Posts Tagged ‘style’

Paul J. Silvia writes a guide on academic writing

18 July 2020

twitter: @eugenio_fouz

Paul J. Silvia, How to Write a Lot: A Practical Guide to Productive Academic Writing. Washington DC: American Psychological Association, 2007

Think about your week: Are there some hours that are generally free every week? If you teach on Tuesdays and Thursdays, maybe Monday and Wednesday morn- ings are good times to write.” (Silvia, 2007), page 13


Paul J. Silvia recommends to set some specific, attainable objectives:

“_Write at least 200 words.
_Print the first draft I finished yesterday, read it, and revise it.
_Make a new list of project goals and write them on my whiteboard.
_Write the first three paragraphs of the general discussion.
_Add missing references and then reconcile the citations and references.
_Reread chapters 22 and 24 from Zinsser (2001) to recharge my writing batteries.
_Finish the “Setting Goals” section that I started yesterday.
_Brainstorm and then make an outline for a new manuscript.
_Reread the reviewers’ comments of my paper and make a list of things to change.
_Correct the page proofs and mail them back.”(page 32)


There is a difference between writing academically and doing a first draft. See: “WRITE FIRST, REVISE LATER
Generating text and revising text are distinct parts of writing-don’t do both at once. The goal of text generation is to throw confused, wide-eyed words on a page; the goal of text revision is to scrub the words clean so that they sound nice and make sense.”(page 75)


How to be good at English (31-40 tips)

4 July 2020

twitter: @eugenio_fouz


-seen on @Tumblr-


How to be good at English (31-40 points)
Eugenio Fouz

31.Learn about phonetics (look for the phonetic transcription of words, stress, etcetera).

32.Work your orthography. Check spelling and meanings in dictionaries.

33.Use connectors in a personal way, that is, do not overuse “and”, “but” all the time. Try using other connectors such as “nevertheless”, “however”, “above all”, “what´s more”. Or else, use commas for juxtaposition as in “Get ball pens, pencils close too

34.Content: have something interesting to say or write. If not, Depeche Mode´s permitting; “enjoy the silence”.

35.Watch TV series rather than films. Good stories create addiction. Use original audios. Use subtitles as well.

36.Borrow, copy, get, buy manuals of grammar, dictionaries, literature, phonetics, culture, stories, tweets, proverbs, comics, newspapers.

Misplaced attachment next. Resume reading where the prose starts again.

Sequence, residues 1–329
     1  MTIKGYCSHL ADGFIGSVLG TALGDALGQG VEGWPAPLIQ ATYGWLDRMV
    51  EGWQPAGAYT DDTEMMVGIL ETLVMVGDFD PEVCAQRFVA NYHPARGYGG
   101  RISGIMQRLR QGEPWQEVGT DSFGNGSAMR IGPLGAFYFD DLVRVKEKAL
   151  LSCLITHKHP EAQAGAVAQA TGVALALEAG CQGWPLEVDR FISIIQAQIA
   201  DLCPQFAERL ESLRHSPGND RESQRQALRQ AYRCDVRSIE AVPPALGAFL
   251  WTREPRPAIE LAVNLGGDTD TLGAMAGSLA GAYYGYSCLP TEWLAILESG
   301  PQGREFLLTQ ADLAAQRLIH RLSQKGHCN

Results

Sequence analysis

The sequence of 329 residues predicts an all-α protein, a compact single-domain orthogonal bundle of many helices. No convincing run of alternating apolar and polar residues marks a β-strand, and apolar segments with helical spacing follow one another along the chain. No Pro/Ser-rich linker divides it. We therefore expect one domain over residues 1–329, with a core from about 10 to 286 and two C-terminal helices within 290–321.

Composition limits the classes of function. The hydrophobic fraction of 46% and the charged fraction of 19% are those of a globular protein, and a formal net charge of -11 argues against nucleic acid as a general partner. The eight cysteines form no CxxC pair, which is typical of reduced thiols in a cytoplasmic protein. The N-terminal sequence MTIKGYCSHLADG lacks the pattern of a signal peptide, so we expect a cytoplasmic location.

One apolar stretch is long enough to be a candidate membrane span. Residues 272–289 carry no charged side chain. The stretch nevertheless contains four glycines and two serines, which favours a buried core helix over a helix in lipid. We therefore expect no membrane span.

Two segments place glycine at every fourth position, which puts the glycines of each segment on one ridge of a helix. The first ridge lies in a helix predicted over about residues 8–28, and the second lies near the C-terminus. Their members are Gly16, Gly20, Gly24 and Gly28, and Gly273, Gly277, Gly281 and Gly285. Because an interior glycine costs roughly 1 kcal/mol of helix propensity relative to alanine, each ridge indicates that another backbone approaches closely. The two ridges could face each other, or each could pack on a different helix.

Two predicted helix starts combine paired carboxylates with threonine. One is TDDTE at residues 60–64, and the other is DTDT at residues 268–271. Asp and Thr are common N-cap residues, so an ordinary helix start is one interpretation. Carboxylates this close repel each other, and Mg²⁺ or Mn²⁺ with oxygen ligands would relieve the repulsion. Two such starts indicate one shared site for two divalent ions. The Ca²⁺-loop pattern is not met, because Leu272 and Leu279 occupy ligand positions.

37.Keep blocs or moleskins close. Get ball pens, pencils close too. Write, write.

38.Travel to the UK or any other country where English is spoken.

39.Avoid repetition. Read what you write afterwards. This is called proofreading. Get used to it!

40.Style: you write the way you are.


Bohemian Rhapsody slow (Angelina Jordan)

21 April 2020

twitter: @eugenio_fouz

Ana de Armas, actriz


“Like a complete unknown, like a rolling stone”
She started singing. A Swedish girl called Angelina. The opening lines
Reminded us or maybe, reminded me the voice of a woman in love, a Norma Jean saying happy birthday to
The President John F. Kennedy. Then, the young girl showed the lyrics of a dying man, the artist in exile who cries his lonely truth, that he does not want to die. Mercury rising, ah




Bohemian Rhapsody


Is this the real life?
Is this just fantasy?
Caught in a landslide
No escape from reality

Open your eyes
Look up to the skies and see
I’m just a poor boy
I need no sympathy
Because I’m easy come, easy go
Little high, little low
Anyway the wind blows
Doesn’t really matter to me
To me

Mama, just killed a man
Put a gun against his head
Pulled my trigger, now he’s dead
Mama, life had just begun
But now I’ve gone and thrown it all away




Klinkenborg´s pocket book

4 April 2020

twitter: @eugenio_fouz


KLINKENBORG, Verlyn. Several short sentences about writing.

New York: Vintage Books, 2012

This book I have read means a lot to me as regards to writing style. Reading those 204 pages helped me think, -re-think, in fact-the way I make sentences. The small pocket book deals with the creation of sentences.

The page numbering avoids writing odd page numbers. Don’t ask me why but I found that original, strange. The author only had to mark even pages.


1/”Short sentences aren’t hard to make” (page 4)

2/”The voices of former teachers, usually uttering rules.

Rules like, “Don’t begin sentences with ‘and’.”

(It’s okay. You can begin sentences with “and”.) * (page 6)

3/” See which words the sentence can live without” (page 12)

4/”It’s your business to know the names of things” (page 43)